CONWAY — While Memorial Hospital has ended its state of emergency in response to the COVID-19 pandemic, it is not letting its guard down, with officials preparing a new marketing campaign to get more people vaccinated against COVID-19.

President Art Mathisen said at a Zoom ceremony marking the end of emergency operations (see related story in today’s health section), “We’ll just move and pivot as we need to.”

Mathisen said he decided to end the “Code White” emergency status after consulting with medical staff, noting that New Hampshire and New England are “doing quite well compared to some pockets in the U.S.”

Meanwhile, Dr. Matt Dunn, Memorial’s chief medical officer, said: “We are continuing to have a weekly COVID meeting. We’ve developed a dashboard with gating criteria that we’re monitoring, so we know where we are at the hospital, the community, the state. We’re looking at national and international numbers so we understand and better predict where we are going.”

Dunn stressed the importance of vaccinations in keeping COVID numbers trending down. “I’ll say it now: People should get vaccinated. This will protect them. There are about 3 billion doses of vaccine internationally,” Dunn said.

“We’ve never seen this much of a population in this short of a time frame to have as much data as we do about safety. We know that it protects you. It’s unequivocal,” he said.

Dunn was cautiously optimistic about the community dealing with COVID variants this fall and winter.

Data indicate “there is still robust immune response by Pfizer and Moderna against the Delta variant (which is more infectious and more virulent than the original COVID-19 virus),” Dunn said.

“That doesn’t mean people can’t get COVID. It means that if they are vaccinated and get COVID, it tends to be mild,” he said.

He said he is pleased that the vaccination rate is higher locally (with 60 percent of all Carroll County residents and 67 percent of adults over age 18 vaccinated) and statewide (64 percent).

But the remaining 30-40 percent of unvaccinated people give the virus a large population to continue its spread, he said.

“We know that there are states in the country now that are experiencing pretty high surge numbers, and it’s largely in their unvaccinated population,” Dunn said.

Memorial spokesman Tim Kershner said Wednesday that the hospital is working on a campaign to reach people who have not yet chosen to get vaccinated.

“We know we’ve reached everybody that was looking forward to getting the vaccine,” he said. “Now we’re talking about using creativity to lessen the objections to getting the vaccine.”

Kershner said the hospital has all three available vaccines — Pfizer, Moderna and Johnson & Johnson.

“I think we’ve been following the lead of the CDC and the Department of Health and Human Services,” Kershner said.

Kershner said he is working on a back-to-school campaign advocating for getting schoolchildren vaccinated when they are eligible (currently age 12 and up) as well as getting parents and other adults around them vaccinated.

In addition to continuing offering a COVID-19 vaccination clinic at the former Mt. Washington Observatory Weather Discovery Center in North Conway (on Wednesdays from 8 a.m.-4 p.m.), which accepts walk-ins, Dunn said the hospital also has a mobile clinic, which was recently seen at the White Mountain Outdoor, Health and Wellness Fest in Schouler Park, where a handful of people were vaccinated.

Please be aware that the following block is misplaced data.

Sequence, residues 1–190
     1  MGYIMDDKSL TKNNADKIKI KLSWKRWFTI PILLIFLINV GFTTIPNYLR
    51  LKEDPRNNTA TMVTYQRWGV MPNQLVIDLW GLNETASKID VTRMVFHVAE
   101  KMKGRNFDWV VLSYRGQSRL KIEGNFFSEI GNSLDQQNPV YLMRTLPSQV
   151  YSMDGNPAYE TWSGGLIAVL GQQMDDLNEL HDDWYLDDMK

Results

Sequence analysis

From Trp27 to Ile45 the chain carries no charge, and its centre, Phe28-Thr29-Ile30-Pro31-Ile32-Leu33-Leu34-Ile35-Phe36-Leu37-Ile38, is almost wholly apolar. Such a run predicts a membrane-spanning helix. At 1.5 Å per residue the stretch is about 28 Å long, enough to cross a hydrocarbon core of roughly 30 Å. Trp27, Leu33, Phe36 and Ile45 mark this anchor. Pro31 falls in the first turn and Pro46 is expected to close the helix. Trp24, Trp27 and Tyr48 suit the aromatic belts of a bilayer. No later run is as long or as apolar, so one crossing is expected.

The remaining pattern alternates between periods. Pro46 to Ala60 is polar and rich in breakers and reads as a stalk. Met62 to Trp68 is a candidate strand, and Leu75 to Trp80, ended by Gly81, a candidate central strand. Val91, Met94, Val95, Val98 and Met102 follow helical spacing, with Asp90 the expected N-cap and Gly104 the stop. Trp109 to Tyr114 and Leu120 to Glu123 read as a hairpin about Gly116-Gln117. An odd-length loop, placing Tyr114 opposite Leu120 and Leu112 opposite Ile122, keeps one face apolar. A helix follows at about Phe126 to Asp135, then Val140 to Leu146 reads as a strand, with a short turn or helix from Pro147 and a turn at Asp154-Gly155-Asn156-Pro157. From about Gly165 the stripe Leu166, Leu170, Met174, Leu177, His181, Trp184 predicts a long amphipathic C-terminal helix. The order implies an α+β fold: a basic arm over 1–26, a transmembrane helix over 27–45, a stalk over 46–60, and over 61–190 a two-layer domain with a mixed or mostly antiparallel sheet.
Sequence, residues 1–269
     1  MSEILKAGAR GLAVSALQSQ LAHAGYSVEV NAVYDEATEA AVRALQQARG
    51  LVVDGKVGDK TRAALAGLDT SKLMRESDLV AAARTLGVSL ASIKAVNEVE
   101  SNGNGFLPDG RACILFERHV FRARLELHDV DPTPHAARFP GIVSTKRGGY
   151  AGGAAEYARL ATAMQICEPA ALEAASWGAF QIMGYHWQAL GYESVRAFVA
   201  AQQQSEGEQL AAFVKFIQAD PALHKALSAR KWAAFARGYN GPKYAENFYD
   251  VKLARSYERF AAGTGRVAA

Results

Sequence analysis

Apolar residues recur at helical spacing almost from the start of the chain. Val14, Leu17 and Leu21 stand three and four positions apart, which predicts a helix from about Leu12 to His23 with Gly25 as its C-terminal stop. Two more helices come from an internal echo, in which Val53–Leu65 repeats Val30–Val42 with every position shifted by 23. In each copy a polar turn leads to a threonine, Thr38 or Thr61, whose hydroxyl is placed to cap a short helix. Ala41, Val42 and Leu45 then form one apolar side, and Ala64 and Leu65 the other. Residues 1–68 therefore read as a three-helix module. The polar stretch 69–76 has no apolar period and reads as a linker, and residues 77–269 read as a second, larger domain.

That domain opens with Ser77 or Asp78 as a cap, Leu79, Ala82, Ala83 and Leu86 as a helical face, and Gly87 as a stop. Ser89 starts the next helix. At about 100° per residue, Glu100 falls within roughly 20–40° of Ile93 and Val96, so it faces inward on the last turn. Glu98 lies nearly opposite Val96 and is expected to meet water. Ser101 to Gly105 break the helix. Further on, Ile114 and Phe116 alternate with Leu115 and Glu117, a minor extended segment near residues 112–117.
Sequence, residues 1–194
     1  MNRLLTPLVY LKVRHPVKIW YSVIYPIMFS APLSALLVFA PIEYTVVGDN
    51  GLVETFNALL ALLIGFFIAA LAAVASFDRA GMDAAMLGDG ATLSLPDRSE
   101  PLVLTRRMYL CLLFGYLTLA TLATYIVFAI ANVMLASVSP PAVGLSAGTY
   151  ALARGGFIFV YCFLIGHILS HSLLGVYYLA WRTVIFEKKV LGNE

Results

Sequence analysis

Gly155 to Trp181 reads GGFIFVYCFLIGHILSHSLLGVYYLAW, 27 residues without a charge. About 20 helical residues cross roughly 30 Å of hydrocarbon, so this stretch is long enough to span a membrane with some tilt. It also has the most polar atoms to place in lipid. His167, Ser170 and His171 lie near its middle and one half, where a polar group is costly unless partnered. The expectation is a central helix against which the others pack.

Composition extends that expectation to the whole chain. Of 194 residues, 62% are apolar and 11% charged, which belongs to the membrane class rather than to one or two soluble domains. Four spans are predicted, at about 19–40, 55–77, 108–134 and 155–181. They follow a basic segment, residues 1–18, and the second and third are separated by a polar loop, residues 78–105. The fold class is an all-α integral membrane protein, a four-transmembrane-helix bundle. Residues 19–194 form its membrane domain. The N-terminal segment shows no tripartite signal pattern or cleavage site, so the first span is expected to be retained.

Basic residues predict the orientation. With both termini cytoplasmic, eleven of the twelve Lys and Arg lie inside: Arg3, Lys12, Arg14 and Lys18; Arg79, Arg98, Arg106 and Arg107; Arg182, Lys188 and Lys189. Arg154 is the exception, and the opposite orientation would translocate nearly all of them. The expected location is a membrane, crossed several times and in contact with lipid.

Dunn said people who get vaccinated at such walk-up events often say they just haven’t found the time to schedule a vaccine.

The hospital hasn’t had a COVID inpatient that was kept there for treatment for a few weeks, Dunn said, adding that the numbers of people testing positive at the hospital are fairly low.

Mathisen said while the hospital is going back to normal operations, that will continue for now to include a mask requirement, some restrictions in the visitor policy and reducing seats in waiting areas to encourage social distancing.

“I don’t think that’s a surprise to anybody,” he said, adding, “I certainly hope we will go back to the old normal, but I’m not sure if or when.”

To schedule a visit from the mobile clinic at an event or business, contact Memorial Emergency Preparedness Coordinator Will Owen at (603) 356-5461, Ext. 2038.

Memorial currently provides COVID-19 testing only for people who have symptoms of the illness and only by visiting a doctor or other medical provider, either in the emergency room or walk-in clinic, or as part of a visit to primary care.

COVID-19 tests and test kits for asymptomatic testing are available through local pharmacies and health centers. Walmart, Hannaford, Shaws, Walgreens and CVS also offer the COVID-19 vaccine.

For more information about Memorial Hospital, go to memorialhospitalnh.org or call (603) 356-5461.

Recommended for you

(0) comments

Welcome to the discussion.

Keep it Clean. Please avoid obscene, vulgar, lewd, racist or sexually-oriented language.
PLEASE TURN OFF YOUR CAPS LOCK.
Don't Threaten. Threats of harming another person will not be tolerated.
Be Truthful. Don't knowingly lie about anyone or anything.
Be Nice. No racism, sexism or any sort of -ism that is degrading to another person.
Be Proactive. Use the 'Report' link on each comment to let us know of abusive posts.
Share with Us. We'd love to hear eyewitness accounts, the history behind an article.